He asked me, “Is this your first time in the store?”

“Yes, but it will not be my last.” I smiled.

My light shined.

“Give light, and the darkness will disappear of itself.” – Desiderius Erasmus

***

My next stop was to get my haircut.  Ben and I blew bubbles while we walked.  His light shined. I focused on this moment and held my breath. I felt lucky.

I gave my hairdresser three cookies: homemade. We chatted about motherhood and its hidden secrets. I told my hairdresser, Libia, “I give you creative freedom with my hair.” She cut my hair as we talked. My son ate M & Ms and played on the floor. I shared my creative passion with her: writing. I love my hairdresser. Her light shines. I always request her and I get my hair cut at Great Clips. I wouldn’t spend any extra money at a fancy salon. She is that good. She is that kind.

This time my hair shined.

I finished the day at the park with my son and mom friend.

My son at the park with his friend

My son at the park with his friend

It was a lovely day.

I went to pick up my husband at work. When we got home I noticed a strong scent of poop. I checked the area for a rogue dirty diaper. Nothing.

Then I check my new purple sneakers. Bingo!

I stepped in dog shit getting out of the car — in my brand new perfect purple sneakers. Dog shit happens.

You can always clean it up.

It was a good day. Light trumps dark. But the two exist together. Today I chose light. It chose me. We shined.

Mirrors of beauty

Mirrors of beauty

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My Christmas Eve Angel — My Mother


“When you see Santa in the sky tonight, know Betty’s got the reigns tonight. She died while I was on the phone with her 9:58 MST/11:58 EST (the nurse held the phone to her ear).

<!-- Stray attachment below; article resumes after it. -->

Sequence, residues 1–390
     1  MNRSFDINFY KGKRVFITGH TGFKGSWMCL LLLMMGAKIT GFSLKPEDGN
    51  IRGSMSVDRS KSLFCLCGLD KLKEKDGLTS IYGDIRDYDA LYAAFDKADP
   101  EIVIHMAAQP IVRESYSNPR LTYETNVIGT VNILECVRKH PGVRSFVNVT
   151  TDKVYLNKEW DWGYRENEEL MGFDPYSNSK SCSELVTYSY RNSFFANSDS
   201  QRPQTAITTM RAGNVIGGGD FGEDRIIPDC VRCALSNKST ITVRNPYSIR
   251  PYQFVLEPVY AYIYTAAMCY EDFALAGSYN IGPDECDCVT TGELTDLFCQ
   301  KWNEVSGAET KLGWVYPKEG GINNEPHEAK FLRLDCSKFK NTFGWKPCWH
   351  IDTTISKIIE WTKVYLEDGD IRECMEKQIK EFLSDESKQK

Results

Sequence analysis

Believe it or not, it gives me great joy and peace that she passed on Christmas Eve, exactly two minutes before midnight East Coast time. She has always been on EST as a New Yorker at heart. RIP Betty. No star ever shone brighter than you. I love you always.” — My facebook post on Christmas Eve

Betty's Christmas Eve Angel Wings. Santa gave her a ride to Heaven on Christmas Eve. Photo from: Mother Nature Network

Betty’s Christmas Eve Angel Wings. Santa gave her a ride to Heaven on Christmas Eve. Photo from: Mother Nature Network

Betty

My mother passed away on Christmas Eve two minutes shy of midnight EST while on the phone with me. She loved Christmas Eve so much.
She died peacefully after a long illness that didn’t stop her in her tracks. She was diagnosed in 2000 with benign brain tumors (one in her cerebellum and one on her brain stem). I have written many posts about her struggle and my struggle with these tumors.

I am peace. because she is at peace.

My beautiful mom. I am thankful for this moment, which is chiseled in my heart.

My beautiful mom. on my wedding day. I am thankful for this moment, which is chiseled in my heart.

If you want to follow my grief chronicles I am being very open about my feelings on my facebook page, and most posts are public if you would like to follow them and subscribe to them. I am also pretty active on Twitter too. Betty is the most amazing woman I have ever known. I was lucky to call her Mom, friend, and confidant. She loved us kids with all her heart.

Rest in peace my sweet Betty Anne. You had “It.” You were magical.

"A woman whose smile is open and whose expression is glad has a kind of beauty no matter what she wears." - Anne Roiphe Betty when she worked as the Activities Director at The King Home -- a retirement community for men in Evanston, Illinois.